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@AwesomeCool Sure, it would definitely be rage-inducing for a game to try to replicate realism.  However, I don't think it's necessarily wrong or bad (and in some cases I think it's rather cool) for a game to try and represent realism.  The way that Alexander described his interpretation of HP in games, is pretty similar to the way that I look at it too--it is a representation of reality.  In a turn-based jrpg, a boss fight may take 5 or 10 minutes to complete, but each "turn" is a part of the entire fight being a representation of what would've happened in the reality of the game world.  Most game worlds are fantastical, but even in realistic (i.e. non-magic) games I think it makes sense to have an extended fight be a representation of a fight that might've been decided in less than a minute in reality.


@Zortik very interesting.  I guess it's pretty obvious that a certain minimal degree of strength is needed in order to effectively and efficiently wield a specific weapon, but I wonder if after that, the benefits of excess strength are minimal.  I don't know if this is reliable, but the reason I came to this idea is from watching videos like these: 
 

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In real life fights are over incredibly fast and most fights are over in one clean hit (An rpg game that tried to actually be realistic would be rage inducing due to how punishing it would be).

Not to mention unfun, reiterating Andar. :)  For me, longer means more epic. There can be fights that can be finished faster, but if a last boss battle is finished in one hit; was it even a boss battle? lol
 

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@jonthefox


Greater strength allows for more options. For instance, some weapons emphasize force by having a higher weight. Greater strength of course means the ability to use such weapons efficiently and (this is the key term) long enough to win.


The only time strength becomes a hindrance is when the 'right' muscles aren't developed to maximize the effectiveness of the fighting style + weapon you're using. Even then, that excess strength may create new options.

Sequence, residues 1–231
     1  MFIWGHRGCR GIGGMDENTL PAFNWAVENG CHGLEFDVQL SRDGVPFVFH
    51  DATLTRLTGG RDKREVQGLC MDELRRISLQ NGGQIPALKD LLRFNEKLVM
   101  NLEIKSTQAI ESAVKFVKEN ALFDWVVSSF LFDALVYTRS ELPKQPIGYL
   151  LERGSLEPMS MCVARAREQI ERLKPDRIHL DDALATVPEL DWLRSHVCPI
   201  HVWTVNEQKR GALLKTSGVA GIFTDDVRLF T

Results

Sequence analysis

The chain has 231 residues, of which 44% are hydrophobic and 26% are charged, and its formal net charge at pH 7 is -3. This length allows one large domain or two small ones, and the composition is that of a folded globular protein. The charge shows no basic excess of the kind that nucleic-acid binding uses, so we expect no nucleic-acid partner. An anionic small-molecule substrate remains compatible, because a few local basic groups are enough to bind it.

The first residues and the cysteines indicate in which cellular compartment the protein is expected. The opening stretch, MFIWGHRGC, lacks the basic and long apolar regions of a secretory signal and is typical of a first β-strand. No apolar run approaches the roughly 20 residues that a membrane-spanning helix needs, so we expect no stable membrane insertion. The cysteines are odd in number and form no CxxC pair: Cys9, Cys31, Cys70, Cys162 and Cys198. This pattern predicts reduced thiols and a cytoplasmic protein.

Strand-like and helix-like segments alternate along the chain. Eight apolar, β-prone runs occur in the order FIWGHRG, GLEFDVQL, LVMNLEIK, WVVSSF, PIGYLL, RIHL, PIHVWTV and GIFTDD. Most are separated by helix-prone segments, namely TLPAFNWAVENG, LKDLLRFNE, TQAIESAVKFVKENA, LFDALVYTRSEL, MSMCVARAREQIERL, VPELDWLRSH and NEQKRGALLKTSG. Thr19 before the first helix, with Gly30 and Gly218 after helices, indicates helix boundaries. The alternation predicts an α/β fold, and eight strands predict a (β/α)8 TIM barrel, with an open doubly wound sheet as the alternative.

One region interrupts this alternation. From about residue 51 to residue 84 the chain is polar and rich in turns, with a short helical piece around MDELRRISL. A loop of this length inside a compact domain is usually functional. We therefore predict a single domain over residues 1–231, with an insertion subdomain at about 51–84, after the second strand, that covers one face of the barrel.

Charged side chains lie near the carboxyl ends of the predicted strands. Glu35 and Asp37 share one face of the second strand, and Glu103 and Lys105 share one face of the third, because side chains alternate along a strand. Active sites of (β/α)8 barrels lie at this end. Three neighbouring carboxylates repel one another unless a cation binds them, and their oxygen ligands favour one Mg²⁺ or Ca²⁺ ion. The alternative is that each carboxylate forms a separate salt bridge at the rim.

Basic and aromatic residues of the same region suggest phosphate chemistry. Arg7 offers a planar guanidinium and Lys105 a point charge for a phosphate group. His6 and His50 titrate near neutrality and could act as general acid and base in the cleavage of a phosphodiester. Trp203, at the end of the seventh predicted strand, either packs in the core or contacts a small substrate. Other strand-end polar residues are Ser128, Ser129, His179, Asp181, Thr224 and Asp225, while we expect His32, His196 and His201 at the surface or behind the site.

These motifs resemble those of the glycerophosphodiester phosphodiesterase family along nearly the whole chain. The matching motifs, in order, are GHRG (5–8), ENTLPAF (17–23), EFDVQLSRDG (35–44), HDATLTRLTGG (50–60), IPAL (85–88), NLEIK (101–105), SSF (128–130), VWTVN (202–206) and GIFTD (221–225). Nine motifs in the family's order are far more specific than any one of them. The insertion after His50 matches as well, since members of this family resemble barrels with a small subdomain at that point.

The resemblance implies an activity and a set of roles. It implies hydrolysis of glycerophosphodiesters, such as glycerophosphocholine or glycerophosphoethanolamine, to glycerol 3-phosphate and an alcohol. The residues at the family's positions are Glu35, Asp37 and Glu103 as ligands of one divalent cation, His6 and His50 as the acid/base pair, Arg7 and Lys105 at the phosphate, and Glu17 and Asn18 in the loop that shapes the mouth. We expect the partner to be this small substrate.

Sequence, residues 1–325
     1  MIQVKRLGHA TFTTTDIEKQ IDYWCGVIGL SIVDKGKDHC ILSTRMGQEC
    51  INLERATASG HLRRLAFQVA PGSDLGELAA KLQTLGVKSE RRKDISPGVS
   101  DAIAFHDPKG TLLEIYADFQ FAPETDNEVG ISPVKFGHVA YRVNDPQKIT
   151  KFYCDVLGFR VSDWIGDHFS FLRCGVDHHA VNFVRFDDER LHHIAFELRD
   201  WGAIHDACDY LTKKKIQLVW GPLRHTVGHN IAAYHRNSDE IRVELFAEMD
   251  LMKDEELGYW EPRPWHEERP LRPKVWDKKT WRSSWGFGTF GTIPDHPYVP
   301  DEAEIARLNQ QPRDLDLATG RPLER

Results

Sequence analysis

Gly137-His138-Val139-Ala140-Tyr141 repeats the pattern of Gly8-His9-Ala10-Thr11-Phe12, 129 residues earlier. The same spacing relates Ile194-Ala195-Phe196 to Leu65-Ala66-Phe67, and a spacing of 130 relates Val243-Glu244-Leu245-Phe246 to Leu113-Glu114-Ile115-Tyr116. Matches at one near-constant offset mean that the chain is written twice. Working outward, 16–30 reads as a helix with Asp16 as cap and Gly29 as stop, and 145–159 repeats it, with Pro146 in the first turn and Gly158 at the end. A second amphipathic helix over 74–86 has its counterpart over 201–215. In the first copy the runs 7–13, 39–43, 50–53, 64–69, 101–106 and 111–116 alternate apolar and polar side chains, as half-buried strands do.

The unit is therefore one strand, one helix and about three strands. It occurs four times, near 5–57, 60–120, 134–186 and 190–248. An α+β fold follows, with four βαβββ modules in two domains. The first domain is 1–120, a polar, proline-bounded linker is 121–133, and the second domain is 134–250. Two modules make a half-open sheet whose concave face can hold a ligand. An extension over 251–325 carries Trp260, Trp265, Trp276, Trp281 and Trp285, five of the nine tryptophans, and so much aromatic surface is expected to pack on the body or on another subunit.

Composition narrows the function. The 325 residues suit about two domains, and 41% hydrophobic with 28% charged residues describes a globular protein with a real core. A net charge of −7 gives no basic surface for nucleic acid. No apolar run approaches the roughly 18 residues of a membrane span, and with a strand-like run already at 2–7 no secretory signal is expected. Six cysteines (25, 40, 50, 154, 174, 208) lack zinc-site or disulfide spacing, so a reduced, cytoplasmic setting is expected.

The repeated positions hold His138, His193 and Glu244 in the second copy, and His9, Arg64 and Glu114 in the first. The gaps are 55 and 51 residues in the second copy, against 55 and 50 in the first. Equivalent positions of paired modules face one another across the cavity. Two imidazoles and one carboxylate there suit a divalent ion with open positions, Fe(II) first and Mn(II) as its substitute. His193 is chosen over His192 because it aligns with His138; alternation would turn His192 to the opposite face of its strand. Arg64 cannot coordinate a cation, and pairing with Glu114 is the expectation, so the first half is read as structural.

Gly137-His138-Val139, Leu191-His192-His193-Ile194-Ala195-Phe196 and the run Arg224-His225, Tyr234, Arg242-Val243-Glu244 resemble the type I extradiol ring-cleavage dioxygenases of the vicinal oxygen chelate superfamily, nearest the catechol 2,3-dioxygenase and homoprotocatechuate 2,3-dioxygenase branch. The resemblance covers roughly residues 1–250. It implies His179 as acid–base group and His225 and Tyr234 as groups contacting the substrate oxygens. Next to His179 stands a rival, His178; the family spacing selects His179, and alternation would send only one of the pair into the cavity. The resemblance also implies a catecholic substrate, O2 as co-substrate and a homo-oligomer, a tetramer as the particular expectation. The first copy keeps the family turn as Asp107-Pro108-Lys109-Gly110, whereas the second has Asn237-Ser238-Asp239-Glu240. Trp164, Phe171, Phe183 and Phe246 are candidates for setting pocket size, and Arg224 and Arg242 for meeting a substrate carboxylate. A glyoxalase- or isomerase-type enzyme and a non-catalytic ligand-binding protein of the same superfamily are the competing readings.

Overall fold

What is ignored/not developed sufficiently is drastically worse than which muscles get all the TLC :)
 

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@Marsigne - This is why there are so few rpg games that use guns and fps perspective (there are many other combinations that are like this). 


People want fps games to be realistic in the sense that they kill fast, but that does not mesh well with rpg elements.


Borderlands and Destiny are the two RPG games that succeeded in making an RPG FPS, but they only did so by being unrealistic in the first place (The Division is currently being hammered hard for enemies not dying in one hit via headshots).


I think the idea of serious games having to be bound by rules of the real world as something that is holding gaming back.


@jonthefox -  I already mentioned dual-wielding (purpose is to sacrificing offense for some utility).  The reason dual-wielding is said to sacrifice offense in the first place is due to each sword only having the strength of one arm to swing it (you would not be able to clash blades someone holding a blade with both hands directly unless much much stronger).


Dual-wieldings purpose is to be more unpredictable and force (plus take advantage of) stiuations that your opponent cannot defend against, if you are curious.